I have an idea.

    Home Equity Redemption Bonds

    This is a crude example. I would let the financial whiz types put it into the proper form.

    Have the feds issue bonds paying :

    5 year 4%

    10 year 5%

    20 year 6%

    The money raised would go into the Home Equity Redemption Program.

    The home owners are then evaluated to determine how much they can afford to pay at a 6% 30 year fixed loan. Once that figure is determined, the home owner is allowed to receive a government backed loan for the amount qualified. The difference between the outstanding balances would be covered by funds from the Home Equity Redemption Bond Program. The original mortgages would be paid off with the proceeds of the new loan coupled with the additional funds from the Equity Bond Program. Any loan paid off in this fashion will not be subject to any pre-payment penalties. Lenders will be required to waive these penalties.

    The amount of the debt created by the Equity Bond Program would increase by 1 ½% each year until the amount due is paid in full. This debt would become a permanent lien on the property.

    Until the amount is paid in full, any future sale for an amount that would not result in payment of the outstanding mortgage and home equity bond debt would have to be approved by the agency charged with overseeing the Home Equity Redemption Bond Program.

    Comparable sales would be reviewed and the sale will not be approved if it falls significantly below the comparables. Any portion of the Equity Redemption Bond that is not paid in the sale will transfer to the new owner in the form of a new lien on the property for the amount of the unpaid bond. This amount will continue to increase at the stated 1 ½% annually.

    Investors will forfeit prepayment penalties but they will be able to reduce the amount of bad debt they are carrying. This should improve their bottom line and spur more investment.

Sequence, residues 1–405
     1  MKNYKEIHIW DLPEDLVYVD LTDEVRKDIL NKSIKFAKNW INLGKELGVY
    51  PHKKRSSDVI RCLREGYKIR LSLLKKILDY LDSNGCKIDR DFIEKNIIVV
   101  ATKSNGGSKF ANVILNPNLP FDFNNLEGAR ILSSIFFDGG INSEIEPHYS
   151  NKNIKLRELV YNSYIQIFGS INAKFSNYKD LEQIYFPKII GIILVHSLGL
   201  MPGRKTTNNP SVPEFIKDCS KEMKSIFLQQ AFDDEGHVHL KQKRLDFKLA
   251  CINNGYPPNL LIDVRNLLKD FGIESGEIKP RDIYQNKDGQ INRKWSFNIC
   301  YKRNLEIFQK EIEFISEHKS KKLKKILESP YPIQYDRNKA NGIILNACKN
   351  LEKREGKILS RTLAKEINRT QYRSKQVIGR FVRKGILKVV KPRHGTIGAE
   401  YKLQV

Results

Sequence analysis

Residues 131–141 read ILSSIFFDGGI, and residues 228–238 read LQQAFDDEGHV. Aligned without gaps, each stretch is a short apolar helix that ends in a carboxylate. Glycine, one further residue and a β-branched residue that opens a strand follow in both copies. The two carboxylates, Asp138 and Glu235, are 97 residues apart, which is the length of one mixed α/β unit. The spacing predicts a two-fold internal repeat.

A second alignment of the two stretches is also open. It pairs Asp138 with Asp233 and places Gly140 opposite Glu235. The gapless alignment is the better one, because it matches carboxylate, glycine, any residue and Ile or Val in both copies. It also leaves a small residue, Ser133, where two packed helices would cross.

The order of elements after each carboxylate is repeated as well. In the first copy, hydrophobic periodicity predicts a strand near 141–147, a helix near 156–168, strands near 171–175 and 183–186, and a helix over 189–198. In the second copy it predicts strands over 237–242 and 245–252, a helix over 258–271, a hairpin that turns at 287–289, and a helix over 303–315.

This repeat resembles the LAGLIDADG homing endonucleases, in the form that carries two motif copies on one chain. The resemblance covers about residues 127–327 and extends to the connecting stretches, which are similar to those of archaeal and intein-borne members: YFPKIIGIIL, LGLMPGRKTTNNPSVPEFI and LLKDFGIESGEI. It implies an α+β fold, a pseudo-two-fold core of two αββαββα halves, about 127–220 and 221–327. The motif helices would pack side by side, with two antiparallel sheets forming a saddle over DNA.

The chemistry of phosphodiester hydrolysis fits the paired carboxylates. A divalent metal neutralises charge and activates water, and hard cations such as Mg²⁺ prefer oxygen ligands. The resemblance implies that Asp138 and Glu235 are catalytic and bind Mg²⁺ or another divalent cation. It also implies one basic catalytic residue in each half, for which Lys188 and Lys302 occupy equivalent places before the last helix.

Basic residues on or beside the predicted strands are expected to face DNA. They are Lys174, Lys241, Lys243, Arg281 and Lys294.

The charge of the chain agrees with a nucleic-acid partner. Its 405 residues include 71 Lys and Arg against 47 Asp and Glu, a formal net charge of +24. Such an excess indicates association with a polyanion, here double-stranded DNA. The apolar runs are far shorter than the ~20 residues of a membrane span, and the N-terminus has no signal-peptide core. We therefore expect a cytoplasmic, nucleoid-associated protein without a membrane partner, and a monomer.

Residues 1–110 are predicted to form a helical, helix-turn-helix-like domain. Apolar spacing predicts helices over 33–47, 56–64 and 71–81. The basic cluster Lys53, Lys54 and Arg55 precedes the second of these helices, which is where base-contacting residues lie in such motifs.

Home owners will be able to remain in their homes at a price they can afford to pay. This will reduce the amount of foreclosures and slow down the surge in decreasing property values.

    No one will reap a windfall profit, and homeowners that made a bad decision will not profit from it until such time as they can sell for more than the existing debt. This will level the playing field with those that did not make bad decisions about their mortgages.

    The use of bonds will reduce the amount of taxpayer money used to effectively ameliorate the problem.

    Example :

    Family owns a home they purchased for $200,000

    Family finds that current payment increases from $1,000 to $1,500 per month.

    Evaluation determines that family can pay $1,000 per month

    At 6% the family can afford a mortgage of $166,666

    The balance still remaining after paying the $166,666 is $33,334

    The Home Equity Bond Program is used to pay off the $33,334

    The home owner pays $1,000 per month to reduce the $166,666

    The Home Equity Bond amount increases at 1 1/2 % per year.

    So, May be it can work and maybe not. I sure think something like this makes more sense. The problem in most cases, is not the total amount of mortgage that is due. It is the increase in mortgage payment amount or conditions that have reduced the amount people can pay. There is shotgun aimed at our economy. I hope something like this is adopted so the American public can dodge another bullet.

  4. I noticed that this is not the first time at all that you write about this topic. Why have you decided to touch it again?